Joan Houlihan is author of three collections, most recently, The Us (Tupelo Press, 2009). Her other two books are: Hand-Held Executions: Poems & Essays (2003) and The Mending Worm, winner of the 2005 Green Rose Award from New Issues Press. Her work has appeared in many journals, including Boston Review, Poetry, Harvard Review, Gettysburg Review, Harvard Divinity Bulletin, Black Warrior Review, Gulf Coast and Pleiades, among others, and has been anthologized in The Iowa Anthology of New American Poetries (University of Iowa Press, 2005) and The Book of Irish-American Poetry--Eighteenth Century to Present (University of Notre Dame Press, 2007). Her critical essays on contemporary poetry are archived online at and she is a contributing editor for the Contemporary Poetry Review. Houlihan is founder of the Concord Poetry Center in Concord, Massachusetts and of the Colrain Poetry Manuscript Conference. She teaches in Lesley University's Low-Residency MFA in Creative Writing Program in Cambridge, Massachusetts.
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  1. An excellent article; thank you. The idea that the first-person “I” is equivalent to the autobiographical “I” is nonsense, a fetishization of nineteenth century Romantic lyrical modes. Of course, neither Kooser nor Plumly shy away from the far worse emotional distortion of sentimentality: both poets frequently forget that “the rhetorician would deceive his neighbor, the sentimentalish himself; while art is but a vision of reality.” Simply treating “actual experience” is no safeguard against such distortions. In fact, it may be possible to treat fictions more “truthfully” by rendering them in an emotionally honest way, rather than sentimentalizing one’s own chilhood, say, or failed marriage, and thus lying simultaneously to oneself and the reader in a modest, misguided attempt at “sincerity.” (“All bad art,” Wilde warned us, “springs from sincerity.”) A larger understanding of reality may also include the inner, emotional life, for which there is often no exact autobiographical or experiential equivalent: the poet may be more truly herself by exploring dream-states, fears and desires, than by deferring to “what really happened” in some pedestrian, factual sense. The tyranny of autobiography is itself a nineteenth century distortion, exacerbated by our own curiously narcissistic age; it assumes that what happens to us is as important as what we imagine or think about, and exalts the life of the poet as something particularly worthy of treatment. It is a further aggrandizement of the artist as hero, a silly and cliched notion that has been with us since the Romantics. Plumly and Kooser (both midwestern post-Romantics) have fairly boring lives compared to, say, Byron or Shelley, however; who wants to know that much about the life of a creative writing teacher, anyway? As Lowell, the great confessionalist himself once said, “I want something imagined, not recalled.”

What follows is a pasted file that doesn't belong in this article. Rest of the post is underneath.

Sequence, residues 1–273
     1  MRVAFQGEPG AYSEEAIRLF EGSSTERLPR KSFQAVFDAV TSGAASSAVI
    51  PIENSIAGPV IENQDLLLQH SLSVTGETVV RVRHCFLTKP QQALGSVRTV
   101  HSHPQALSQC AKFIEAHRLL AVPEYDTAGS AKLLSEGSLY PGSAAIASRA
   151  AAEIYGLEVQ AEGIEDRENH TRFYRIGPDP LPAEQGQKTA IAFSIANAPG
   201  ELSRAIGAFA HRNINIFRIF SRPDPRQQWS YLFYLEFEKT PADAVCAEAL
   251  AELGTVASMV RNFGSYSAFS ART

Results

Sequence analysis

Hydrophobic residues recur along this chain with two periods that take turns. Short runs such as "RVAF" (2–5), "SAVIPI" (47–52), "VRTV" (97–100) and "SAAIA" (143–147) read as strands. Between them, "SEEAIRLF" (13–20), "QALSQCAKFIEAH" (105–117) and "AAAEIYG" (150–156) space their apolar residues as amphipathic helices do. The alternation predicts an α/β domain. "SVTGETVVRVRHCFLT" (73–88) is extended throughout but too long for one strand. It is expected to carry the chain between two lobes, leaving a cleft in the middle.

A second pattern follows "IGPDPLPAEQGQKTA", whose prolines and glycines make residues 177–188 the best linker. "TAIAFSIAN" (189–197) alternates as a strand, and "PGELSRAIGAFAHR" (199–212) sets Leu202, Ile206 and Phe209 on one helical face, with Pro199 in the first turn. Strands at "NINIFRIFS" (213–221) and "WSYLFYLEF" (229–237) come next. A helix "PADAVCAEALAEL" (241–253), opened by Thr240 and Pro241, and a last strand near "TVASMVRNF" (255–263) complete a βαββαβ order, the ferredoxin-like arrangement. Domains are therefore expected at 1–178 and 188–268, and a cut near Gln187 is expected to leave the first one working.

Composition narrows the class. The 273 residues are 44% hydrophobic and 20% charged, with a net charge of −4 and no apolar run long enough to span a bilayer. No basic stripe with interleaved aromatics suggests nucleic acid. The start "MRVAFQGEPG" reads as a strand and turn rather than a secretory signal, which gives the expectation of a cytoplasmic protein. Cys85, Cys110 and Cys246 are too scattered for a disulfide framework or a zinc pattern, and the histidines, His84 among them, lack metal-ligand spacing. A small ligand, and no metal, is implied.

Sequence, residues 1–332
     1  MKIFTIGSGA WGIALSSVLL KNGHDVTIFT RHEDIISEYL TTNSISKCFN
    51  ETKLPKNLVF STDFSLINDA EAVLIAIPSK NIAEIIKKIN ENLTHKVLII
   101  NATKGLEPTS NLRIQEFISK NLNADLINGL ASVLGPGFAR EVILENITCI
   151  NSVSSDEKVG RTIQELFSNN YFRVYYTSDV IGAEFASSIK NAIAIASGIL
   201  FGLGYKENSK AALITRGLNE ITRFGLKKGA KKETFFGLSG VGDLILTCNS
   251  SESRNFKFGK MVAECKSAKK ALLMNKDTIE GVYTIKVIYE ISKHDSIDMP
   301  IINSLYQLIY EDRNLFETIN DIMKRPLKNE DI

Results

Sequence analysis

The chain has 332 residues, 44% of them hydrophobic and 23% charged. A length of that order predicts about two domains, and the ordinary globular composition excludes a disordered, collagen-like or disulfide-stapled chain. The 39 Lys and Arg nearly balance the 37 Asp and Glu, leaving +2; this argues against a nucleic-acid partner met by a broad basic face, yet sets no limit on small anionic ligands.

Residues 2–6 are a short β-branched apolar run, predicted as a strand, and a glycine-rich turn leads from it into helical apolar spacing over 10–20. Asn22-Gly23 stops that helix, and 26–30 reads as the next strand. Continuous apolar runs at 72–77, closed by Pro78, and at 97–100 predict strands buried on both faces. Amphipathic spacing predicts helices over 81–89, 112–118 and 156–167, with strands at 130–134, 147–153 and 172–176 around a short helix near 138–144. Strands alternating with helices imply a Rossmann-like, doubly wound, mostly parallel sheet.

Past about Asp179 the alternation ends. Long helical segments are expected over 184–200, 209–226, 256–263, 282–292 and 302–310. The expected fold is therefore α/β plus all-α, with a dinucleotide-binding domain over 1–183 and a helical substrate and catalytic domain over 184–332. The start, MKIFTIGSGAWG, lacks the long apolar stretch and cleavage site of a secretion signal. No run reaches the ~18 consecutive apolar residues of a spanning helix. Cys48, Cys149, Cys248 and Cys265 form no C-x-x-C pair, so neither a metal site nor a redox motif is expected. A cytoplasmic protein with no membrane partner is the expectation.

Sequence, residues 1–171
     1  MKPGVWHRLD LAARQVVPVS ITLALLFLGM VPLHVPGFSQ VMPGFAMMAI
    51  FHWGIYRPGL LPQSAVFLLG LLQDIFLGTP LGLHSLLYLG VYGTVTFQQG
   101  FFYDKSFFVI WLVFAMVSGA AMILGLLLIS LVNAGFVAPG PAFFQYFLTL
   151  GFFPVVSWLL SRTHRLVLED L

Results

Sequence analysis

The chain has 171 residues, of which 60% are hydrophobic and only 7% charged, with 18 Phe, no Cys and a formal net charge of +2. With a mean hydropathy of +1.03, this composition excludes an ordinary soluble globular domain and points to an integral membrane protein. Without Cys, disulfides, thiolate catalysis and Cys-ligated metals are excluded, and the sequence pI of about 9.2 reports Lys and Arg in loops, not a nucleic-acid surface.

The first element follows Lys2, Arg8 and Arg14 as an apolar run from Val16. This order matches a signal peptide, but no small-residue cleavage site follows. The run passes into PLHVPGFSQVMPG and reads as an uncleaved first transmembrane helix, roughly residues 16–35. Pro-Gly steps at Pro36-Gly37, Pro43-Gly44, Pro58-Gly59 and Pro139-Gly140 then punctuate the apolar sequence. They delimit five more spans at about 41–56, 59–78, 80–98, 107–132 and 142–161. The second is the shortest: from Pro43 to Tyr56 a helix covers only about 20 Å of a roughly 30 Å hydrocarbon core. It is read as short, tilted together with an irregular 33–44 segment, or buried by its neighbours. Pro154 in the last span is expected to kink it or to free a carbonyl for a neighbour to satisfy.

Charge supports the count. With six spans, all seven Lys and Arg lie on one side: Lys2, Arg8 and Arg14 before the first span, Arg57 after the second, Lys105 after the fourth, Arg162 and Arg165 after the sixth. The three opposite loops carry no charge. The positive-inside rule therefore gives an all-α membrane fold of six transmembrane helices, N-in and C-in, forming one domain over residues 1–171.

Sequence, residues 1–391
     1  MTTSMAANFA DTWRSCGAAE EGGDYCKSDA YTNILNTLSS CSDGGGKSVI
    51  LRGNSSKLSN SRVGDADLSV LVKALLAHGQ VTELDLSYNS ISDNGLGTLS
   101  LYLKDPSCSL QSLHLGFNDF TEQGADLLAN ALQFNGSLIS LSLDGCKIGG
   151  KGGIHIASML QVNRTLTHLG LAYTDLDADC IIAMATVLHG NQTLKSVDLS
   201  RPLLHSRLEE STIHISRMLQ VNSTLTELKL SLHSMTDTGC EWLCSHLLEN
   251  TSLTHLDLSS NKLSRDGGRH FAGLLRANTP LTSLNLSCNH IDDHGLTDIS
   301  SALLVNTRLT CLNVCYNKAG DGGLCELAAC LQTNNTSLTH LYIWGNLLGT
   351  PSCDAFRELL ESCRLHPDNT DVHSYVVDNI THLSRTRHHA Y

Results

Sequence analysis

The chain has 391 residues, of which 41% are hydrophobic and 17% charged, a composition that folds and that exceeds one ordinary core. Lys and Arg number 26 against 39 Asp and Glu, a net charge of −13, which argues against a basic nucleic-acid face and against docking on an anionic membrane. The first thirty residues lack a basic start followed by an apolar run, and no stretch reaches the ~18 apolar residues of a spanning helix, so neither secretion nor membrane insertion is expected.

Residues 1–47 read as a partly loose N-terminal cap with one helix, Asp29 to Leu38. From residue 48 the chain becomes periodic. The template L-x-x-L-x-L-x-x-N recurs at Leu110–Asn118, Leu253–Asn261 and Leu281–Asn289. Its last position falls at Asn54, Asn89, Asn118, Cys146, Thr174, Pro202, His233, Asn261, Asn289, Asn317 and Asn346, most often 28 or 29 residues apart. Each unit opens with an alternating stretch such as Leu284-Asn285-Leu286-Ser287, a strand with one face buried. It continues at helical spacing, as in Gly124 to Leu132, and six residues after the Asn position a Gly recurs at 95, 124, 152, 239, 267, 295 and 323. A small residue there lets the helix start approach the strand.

2. Eliot describes poetry as “an escape from personality”; and Yeats can hardly be called a “poet of daily life,” however much he relied on the rag-and-bone shop for his images, preferring to don masks and a self-mythologizing persona to distance himself from the “merely personal.” Are these approaches no longer valid because comparatively mediocre teacher-poets pronounce them anathema?